Note: I believe that no matter how deep my convictions, I owe it to readers to keep risk lower by recommending investments in a broad range of different types of funds. This not only offsets some category predictions which will undoubtedly go awry, but helps to ensure capturing one or more categories that wind up near the top of the performance charts. So within my Model Portfolio recommendations, I believe in carrying this plain and simple diversification strategy to what some others might consider a near excess: I almost always recommend about a half dozen stock, and usually, nearly as many bond funds.

For Moderate Risk Investors


Current (Last Qtr.)


62.5% (60%)


35 (35)


2.5 (5)

For Aggressive Risk Investors


Current (Last Qtr.)


85% (80%)


15 (15)


0 (5)

For Conservative Investors


Current (Last Qtr.)


30% (20%)


65 (60)


5 (20)

Specific Category Allocations


Large Cap funds remain the most undervalued categories, although small caps tend to do well coming out of recessionary periods. Remember though that small and mid caps were far and away the best performers during the '03-'07 bull market. Therefore, we do not expect them to continue to excel indefinitely in spite of having regained the lead lately.

We currently think that financial stocks may offer the best opportunity to outperform so that aggressive investors may want to consider going beyond a diversified Large Cap Value mutual fund well-endowed with financials and instead (or also) invest in an exchange traded fund (ETF) specializing in that category.

Our recommendations include several choices, signified by the (C), that may be valuable additions to a portfolio for conservative investors. We also signify the ETF fund with (Aggr) as being for more aggressive investors.

Favored Categories

Recommended % of
Stock Portfolio
(last qtr's %)

Our Current
Recommended Fund

Large Growth

22.5% (25%)

Vanguard Growth Idx

International Large Blend or
International Large Value (C)

25 (25)

Vanguard Internat. Growth or
Tweedy, Browne Global Val (TBGVX) (C)

Large Blend

20 (20)

Vang. Large-Cap Idx

Mid-Cap Value

5 (5)

Fidelity Low Price Stock (FLPSX)

Large Value

12.5 (10)

T Rowe Price Equity Income (PRFDX)
Vanguard Financials ETF (VFH) (Aggr)

Mid-Cap Growth

5 (0)

Vanguard Mid-Cap Growth Index (VMGIX)

Small Blend

10 (10)

Vanguard Small Cap Index

Notes: Investors who think the economy will do more poorly than the consensus view of upcoming moderate growth
may want to go with Hussman Strategic Growth (HSGFX) (C) as a substitute for some of the small or mid-cap position
because it usually does better than most other stock funds when stocks overall are doing poorly.
Tweedy, Browne Global Value has less risk than most international funds; further, it will not
suffer currency losses if the Euro resumes its drop.


There are hardly any changes to our Bond Fund Model Portfolio.

Favored Categories

Recommended % of
Bond Portfolio
(last qtr's %)

Our Current
Recommended Fund

Interm Term Govt

12.5% (15%)

Vanguard Tot. Bond Market


45 (45)

PIMCO Total Return Instit (PTTRX)
or Harbor Bond Fund (HABDX)

Intermediate Term Muni Bonds

10 (10)

Vang. Interm. Term Tax-Exempt


7.5 (7.5)

PIMCO Real Return Instit (PRRIX)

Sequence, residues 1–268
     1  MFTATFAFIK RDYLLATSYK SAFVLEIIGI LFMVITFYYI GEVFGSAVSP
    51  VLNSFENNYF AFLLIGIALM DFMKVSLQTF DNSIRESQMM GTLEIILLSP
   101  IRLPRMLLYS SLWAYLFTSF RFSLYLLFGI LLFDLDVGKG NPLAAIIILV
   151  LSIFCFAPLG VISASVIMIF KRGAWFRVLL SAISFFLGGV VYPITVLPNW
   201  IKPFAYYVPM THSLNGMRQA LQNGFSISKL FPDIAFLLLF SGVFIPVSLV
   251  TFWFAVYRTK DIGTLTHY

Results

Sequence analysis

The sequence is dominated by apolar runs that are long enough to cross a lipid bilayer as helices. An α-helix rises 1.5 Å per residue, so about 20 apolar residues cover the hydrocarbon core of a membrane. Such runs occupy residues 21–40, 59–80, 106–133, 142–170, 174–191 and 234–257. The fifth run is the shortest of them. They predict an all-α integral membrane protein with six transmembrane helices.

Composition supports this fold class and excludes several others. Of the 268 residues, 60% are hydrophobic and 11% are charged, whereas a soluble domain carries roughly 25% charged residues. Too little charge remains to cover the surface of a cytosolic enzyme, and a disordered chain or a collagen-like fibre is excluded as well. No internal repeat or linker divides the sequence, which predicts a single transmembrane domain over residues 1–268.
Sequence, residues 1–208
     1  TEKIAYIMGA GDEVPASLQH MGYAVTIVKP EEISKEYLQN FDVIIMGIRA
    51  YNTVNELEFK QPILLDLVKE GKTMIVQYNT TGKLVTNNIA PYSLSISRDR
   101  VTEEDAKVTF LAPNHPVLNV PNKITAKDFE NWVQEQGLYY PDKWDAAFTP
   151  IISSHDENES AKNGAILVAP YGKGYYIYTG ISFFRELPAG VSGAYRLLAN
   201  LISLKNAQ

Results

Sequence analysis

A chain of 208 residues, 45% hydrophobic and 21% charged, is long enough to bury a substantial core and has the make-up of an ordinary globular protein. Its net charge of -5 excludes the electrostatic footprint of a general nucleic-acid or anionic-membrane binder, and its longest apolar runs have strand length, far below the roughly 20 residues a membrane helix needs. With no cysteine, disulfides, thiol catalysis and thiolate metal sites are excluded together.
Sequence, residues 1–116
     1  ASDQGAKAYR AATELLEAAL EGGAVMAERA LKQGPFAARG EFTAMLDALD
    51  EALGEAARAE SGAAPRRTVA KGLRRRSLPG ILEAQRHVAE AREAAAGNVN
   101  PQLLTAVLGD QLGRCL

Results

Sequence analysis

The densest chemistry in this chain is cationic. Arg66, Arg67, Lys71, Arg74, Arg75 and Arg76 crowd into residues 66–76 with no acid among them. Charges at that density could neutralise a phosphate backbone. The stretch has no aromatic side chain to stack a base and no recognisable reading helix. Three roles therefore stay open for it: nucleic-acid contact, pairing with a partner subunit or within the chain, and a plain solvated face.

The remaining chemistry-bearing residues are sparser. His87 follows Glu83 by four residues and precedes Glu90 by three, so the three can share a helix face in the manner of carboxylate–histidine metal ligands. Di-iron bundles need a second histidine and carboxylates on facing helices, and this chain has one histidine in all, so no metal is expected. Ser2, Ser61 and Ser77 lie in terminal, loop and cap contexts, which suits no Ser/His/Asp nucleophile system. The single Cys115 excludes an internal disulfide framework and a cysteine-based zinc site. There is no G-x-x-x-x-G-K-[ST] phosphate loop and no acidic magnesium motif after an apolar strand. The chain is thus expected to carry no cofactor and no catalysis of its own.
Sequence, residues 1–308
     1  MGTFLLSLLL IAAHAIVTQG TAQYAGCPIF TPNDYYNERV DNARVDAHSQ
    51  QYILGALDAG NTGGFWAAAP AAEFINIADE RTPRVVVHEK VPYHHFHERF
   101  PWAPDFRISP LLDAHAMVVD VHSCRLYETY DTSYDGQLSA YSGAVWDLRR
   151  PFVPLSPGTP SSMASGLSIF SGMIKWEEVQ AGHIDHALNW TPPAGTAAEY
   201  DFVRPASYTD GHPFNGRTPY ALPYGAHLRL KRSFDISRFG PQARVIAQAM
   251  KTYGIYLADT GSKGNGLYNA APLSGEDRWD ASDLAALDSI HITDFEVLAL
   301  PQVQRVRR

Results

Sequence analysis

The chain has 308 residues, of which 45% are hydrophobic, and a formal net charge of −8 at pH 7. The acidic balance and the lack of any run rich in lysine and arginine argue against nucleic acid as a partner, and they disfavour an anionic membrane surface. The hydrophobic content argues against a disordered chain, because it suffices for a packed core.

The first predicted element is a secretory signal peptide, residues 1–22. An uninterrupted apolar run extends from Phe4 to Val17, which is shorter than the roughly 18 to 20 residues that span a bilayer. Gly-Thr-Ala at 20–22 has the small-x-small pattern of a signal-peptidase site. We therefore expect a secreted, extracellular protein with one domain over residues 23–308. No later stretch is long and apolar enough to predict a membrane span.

or Harbor Real Return (HARRX)


5 (5)

T Rowe Price Intl Bond

Short-Term Non-Govt

5 (5)

Vang. ST Investment Gr.

Long-Term Non-Govt

5 (5)

Vang. LT Investment Gr.

High Yield

10 (7.5)

Vang. High Yield

How Our Prior Model Portfolio Recommendations Have Performed

In order to get a better idea of how much trust you can place in our Stock Model Portfolio recommendations, we regularly publish how our prior recommendations from 1, 3, and 5 yrs. ago fared vs the S&P 500 Index.

Given the "flat" returns discussed above, it has become more difficult to outperform using the method of focusing on undervalued fund categories that we primarily use. As a result, selecting our recommended categories using the percentage allocations we suggested 1 and 3 years ago continued to slightly trail the S&P 500 Index, as they did for the prior two quarters although by an even smaller amount. However, over the entire 10 years we have made these comparisons, buying and holding our recommended categories over the following 1 or 3 yrs. continue to show a substantial advantage over the Index; the outperformance is nearly 3% per year.

Our perfect record for outperforming the Index after 5 years remains intact. What this means is that for 24 straight quarters, each of our recommended Model Stock Portfolios have beaten the Index. The average yearly outperformance has exceeded 3.5%!

We don't regularly report performance results for our Bond Model Portfolio. One of the reasons is that our picks do not always fall into neat categories that can be tracked, such as when we recommend PIMCO Total Return Fund which invests in a variety of categories.

In the last few years, we have encouraged investors to invest heavily in either the PIMCO Total Return Fund Instit (PTTRX), or if not available, the Harbor Bond Fund (HABDX). Also, we have recommended the Vanguard Total Bond Market Fund (VBMFX), which also serves as our benchmark. We have found that over the years, it has been nearly impossible to beat the returns from these funds. However, over the last 1 yr., our specific fund recommendations, which also included PTTRX, did outperform the benchmark fund.

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Continue to Part 2 of this Month's Newsletter